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December 31, 2014

The Top 25 Most Popular Mystagogy Posts of 2014

Below is a list of The Top 25 Most Popular Mystagogy Posts of 2014. These were posts from 2014 only, and do not reflect posts of previous years nor from my other websites. Personally I find it to be an interesting list filled with surprises, and it shows what drove most people to my website and reflects their interests. Like previous years, the first three received more than double the page views of all the rest. Thank you all for visiting over the past year and for your support, and I hope to provide even better more compelling material for the coming new year. Please continue to support this ministry to widen our audience with even more compelling posts, and if you haven't given financially to this ministry in 2014 please do so today by clicking on SUPPORT THIS MINISTRY. I thank you in advance and a blessed and joyous New Year to all!

Orthodox Christmas Resource Page

"The Nativity Forty-day Fast represents the fast undertaken by Moses, who, having fasted for forty days and forty nights, received the Commandments of God, written on stone tablets. And we, fasting for forty days, will reflect upon and receive from the Virgin, the living Word - not written upon stone - but born, incarnate, and we will commune of His Divine Body." - St. Symeon of Thessaloniki

The Nativity Fast

Orthodox Nativity Fast Resource Page

Christmas Origins and Paganism

Christmas Origins Resource Page


Thanksgiving Resource Page


Greeks, Jews & Hanukkah - A Story That Still Needs To Be Told

Seven Maccabees Resource Page

Sunday of the Holy Forefathers (Dec. 11th - 17th)

Sunday of the Holy Forefathers Resource Page

The Sunday Before Christmas (Dec. 18th - 23rd)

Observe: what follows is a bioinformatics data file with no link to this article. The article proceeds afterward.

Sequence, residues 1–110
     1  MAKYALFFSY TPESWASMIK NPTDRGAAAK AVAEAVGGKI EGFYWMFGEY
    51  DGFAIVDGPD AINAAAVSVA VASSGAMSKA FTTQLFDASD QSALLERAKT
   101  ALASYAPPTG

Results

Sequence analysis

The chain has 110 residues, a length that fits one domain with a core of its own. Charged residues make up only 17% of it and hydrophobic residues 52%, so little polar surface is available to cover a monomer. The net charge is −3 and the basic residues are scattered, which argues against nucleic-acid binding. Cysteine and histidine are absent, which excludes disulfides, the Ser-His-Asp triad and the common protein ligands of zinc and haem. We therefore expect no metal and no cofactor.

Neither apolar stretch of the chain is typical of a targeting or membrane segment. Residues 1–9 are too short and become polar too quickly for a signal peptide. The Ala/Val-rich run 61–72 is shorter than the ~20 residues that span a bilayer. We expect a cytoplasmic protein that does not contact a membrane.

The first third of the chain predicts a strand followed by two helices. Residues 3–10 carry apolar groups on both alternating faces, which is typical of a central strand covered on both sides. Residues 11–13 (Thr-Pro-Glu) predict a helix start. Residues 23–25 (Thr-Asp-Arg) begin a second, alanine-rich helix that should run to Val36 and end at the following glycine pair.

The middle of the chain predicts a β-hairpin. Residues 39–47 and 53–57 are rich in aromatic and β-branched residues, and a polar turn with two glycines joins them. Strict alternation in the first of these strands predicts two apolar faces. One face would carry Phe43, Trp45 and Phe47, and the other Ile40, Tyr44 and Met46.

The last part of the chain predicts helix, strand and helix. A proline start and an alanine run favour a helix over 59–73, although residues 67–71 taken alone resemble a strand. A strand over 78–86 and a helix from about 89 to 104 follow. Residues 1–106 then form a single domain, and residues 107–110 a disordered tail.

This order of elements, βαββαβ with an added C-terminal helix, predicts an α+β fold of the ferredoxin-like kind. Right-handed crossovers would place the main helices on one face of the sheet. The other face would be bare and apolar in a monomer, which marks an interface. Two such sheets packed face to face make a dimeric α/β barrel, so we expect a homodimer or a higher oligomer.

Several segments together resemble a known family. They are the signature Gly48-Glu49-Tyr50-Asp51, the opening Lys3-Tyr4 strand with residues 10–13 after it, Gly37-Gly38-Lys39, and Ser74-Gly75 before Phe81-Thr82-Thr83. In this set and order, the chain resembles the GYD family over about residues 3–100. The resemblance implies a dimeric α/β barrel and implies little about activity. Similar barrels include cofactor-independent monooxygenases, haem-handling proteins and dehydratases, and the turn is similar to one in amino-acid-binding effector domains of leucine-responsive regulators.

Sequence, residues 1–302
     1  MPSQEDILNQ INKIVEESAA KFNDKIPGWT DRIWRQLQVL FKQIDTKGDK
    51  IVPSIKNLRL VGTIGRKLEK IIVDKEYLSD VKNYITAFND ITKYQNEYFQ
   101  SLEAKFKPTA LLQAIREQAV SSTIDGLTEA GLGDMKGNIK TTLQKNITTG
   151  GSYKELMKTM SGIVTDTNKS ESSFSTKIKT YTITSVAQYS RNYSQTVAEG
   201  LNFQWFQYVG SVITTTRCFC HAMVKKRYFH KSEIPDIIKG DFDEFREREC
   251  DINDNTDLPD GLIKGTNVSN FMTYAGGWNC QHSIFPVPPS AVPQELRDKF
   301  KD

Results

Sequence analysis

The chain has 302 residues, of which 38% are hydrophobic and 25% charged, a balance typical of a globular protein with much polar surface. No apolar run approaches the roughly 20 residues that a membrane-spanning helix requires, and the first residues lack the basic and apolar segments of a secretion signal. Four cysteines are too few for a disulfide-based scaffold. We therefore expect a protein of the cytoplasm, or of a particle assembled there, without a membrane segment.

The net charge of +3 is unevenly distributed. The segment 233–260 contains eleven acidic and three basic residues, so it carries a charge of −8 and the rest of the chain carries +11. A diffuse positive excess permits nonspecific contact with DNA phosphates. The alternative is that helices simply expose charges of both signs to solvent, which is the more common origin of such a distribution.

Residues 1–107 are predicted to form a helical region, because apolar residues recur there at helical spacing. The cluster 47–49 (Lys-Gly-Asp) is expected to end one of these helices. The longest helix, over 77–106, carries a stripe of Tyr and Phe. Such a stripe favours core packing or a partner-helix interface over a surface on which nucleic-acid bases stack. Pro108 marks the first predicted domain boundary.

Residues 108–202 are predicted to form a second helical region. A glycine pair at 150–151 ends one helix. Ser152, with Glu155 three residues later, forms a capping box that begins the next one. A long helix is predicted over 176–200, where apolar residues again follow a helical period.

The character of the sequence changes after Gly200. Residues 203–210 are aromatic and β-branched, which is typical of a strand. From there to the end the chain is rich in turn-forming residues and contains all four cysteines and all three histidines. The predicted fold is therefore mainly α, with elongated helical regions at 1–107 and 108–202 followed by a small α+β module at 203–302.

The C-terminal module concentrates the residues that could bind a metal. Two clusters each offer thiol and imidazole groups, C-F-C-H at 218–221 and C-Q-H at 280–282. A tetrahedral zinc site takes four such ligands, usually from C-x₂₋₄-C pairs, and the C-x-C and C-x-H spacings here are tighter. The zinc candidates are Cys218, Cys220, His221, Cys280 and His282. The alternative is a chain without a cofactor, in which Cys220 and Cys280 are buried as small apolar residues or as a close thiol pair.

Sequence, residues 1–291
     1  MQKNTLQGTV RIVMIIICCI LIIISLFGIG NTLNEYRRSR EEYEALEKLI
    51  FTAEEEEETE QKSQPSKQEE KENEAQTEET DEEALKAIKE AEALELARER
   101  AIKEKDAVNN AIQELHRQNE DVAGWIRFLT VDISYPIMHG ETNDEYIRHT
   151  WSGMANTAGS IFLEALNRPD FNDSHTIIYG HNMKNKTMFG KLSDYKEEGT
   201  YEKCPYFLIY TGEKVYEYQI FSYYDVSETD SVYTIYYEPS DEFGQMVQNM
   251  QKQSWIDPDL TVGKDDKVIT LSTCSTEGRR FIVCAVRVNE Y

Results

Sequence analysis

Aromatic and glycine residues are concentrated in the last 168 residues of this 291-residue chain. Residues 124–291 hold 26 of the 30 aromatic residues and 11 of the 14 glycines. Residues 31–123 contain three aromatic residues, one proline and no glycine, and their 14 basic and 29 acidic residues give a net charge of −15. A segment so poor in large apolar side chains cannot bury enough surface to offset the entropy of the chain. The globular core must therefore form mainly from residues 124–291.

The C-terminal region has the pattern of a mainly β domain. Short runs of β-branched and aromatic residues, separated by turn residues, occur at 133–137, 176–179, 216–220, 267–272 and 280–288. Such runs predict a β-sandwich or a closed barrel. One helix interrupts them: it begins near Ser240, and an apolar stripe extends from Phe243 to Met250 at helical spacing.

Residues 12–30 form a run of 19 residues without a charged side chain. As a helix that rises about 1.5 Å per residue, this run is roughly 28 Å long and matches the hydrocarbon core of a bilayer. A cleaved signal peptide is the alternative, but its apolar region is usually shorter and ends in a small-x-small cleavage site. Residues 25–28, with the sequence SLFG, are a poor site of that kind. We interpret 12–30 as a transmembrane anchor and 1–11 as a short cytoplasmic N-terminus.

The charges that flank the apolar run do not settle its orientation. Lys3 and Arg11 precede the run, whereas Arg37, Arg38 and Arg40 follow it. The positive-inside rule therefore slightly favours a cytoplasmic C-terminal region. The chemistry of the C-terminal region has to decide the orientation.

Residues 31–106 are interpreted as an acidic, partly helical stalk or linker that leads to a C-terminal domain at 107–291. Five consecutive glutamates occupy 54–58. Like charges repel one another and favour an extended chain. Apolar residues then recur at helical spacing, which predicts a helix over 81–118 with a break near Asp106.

Sunday Before the Nativity of Christ Resource Page

Forefeast of the Nativity of the Lord (Dec. 20 - 24)

Forefeast of the Nativity of the Lord Resource Page

Christmas Day (Dec. 25th)

Synaxarion for the Nativity of Christ, the Veneration of the Magi and the Shepherds Who Beheld the Lord

Nativity of Christ: Epistle and Gospel Reading

The Nativity of our Lord, God and Savior Jesus Christ (Sergei V. Bulgakov)

Church Fathers, Saints and Teachers on Christmas

A Resource Page on the Nativity of Christ in the Church Fathers, Saints and Teachers

Christmas Theological Reflections

Christmas Theological Reflections Resource Page

The Nativity in Art and Iconography

Christmas Art and Iconography Resource Page

The Magi from the East

Three Magi Resource Page

Christmas in Greece

Christmas Around the World Resource Page

Christmas in Mount Athos

Christmas Around the World Resource Page

Christmas in Cyprus

Christmas Around the World Resource Page

Christmas in Russia

Christmas Around the World Resource Page

Christmas in Ukraine

Christmas Around the World Resource Page

Christmas in Serbia

Christmas Around the World Resource Page

Christmas in Georgia

Christmas Around the World Resource Page

Christmas in Romania

Christmas Around the World Resource Page

Christmas in Bulgaria

Christmas Around the World Resource Page

Christmas in the Holy Land

Christmas Around the World Resource Page

Christmas in the West

Christmas Around the World Resource Page

Christmas Music

Christmas Music and Hymns Resource Page

Christmas Traditions

Christmas Traditions Resource Page

Christmas and Non-Christians

Atheists and Christmas

Christmas TV and Films

Christmas Stories Resource Page: Literature, Film and Television

Christmas Stories and Literature

Christmas Stories Resource Page: Literature, Film and Television

Creepy Christmas

Creepy Christmas Resource Page


Holy Hieromartyr Myron of Cyzicus

Orthodox Keep Christ at Center of Christmas

Amazing Orthodox Church Snow Sculptures!

From Nativity to Theophany (December 25 - January 6)

Twelve Days After Christmas Resource Page

New Years Day Resource Page

Circumcision of Christ Resource Page

Saint Basil the Great Resource Page

Orthodox Theophany Resource Page

Saint John the Baptist Resource Page

December 30, 2014

The Truth About Christmas and the Myth-Making of Christmas

By Protopresbyter Fr. George Metallinos